Photograms: Camera-less Photography
What is a Photogram? The oldest form of photograph, a picture produced with light-sensitive paper, but without a camera.
Early photographic methods fascinated me from the start of my career. The photogram is the simplest form of photography. It involves just using chemicals and light to develop the image. Creating these pieces below involved wading into water and then flashing light onto photographic paper. This had to happen just the right moment.
This ‘raw’ method of photography brought me closer to nature and enabled me to better capture Spirit_of_place in my work.
My Process. I have always had a very close connection to watery environments. As a child I paddled in the River Noe in Edale. This experience stayed with me through to adulthood. More recently I’ve enjoyed fly fishing for trout in a local stream which made me acutely aware of changes on the water’s surface.
My degree work led me to research how I could use photography to capture disturbed water. I came across the work of artist susan-derges. Her work inspired my own experiments with photograms and how to gain a closer association with nature. (*See more information about my photograms at rise- )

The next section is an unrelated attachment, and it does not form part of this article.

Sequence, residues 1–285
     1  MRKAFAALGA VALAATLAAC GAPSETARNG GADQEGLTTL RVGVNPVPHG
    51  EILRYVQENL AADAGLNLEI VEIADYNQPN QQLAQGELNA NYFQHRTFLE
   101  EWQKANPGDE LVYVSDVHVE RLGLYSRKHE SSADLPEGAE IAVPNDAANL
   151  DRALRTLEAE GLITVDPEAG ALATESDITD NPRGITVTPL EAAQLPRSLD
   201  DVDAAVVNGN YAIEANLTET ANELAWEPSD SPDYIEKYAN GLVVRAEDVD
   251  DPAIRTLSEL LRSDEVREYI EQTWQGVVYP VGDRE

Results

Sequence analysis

History The Hungarian painter and photographer Maholy-Nagy (1895-1946) pioneered the technique of producing photographic prints using light only. He experimented with exposing light sensitive paper with objects placed over the top. (*see below )
Photograms of Water Making my own photograms of moving water was quite tricky and very funny. I had to enlist my Uni. friends to help. Floating light sensitive paper below the surface of barlow brook in the ‘dead of night’. Then flashing light downwards at the right moment was quite a ‘learning curve’.
Using a sheet of aluminium as a support for the paper below the water line, was the key to success.
I developed the images in chemicals. It was all good fun. Next time I’ll tell you about how I made photograms of bird song …… watch this space.
I’d love to hear your opinions of this blog or your own experiences of making photograms.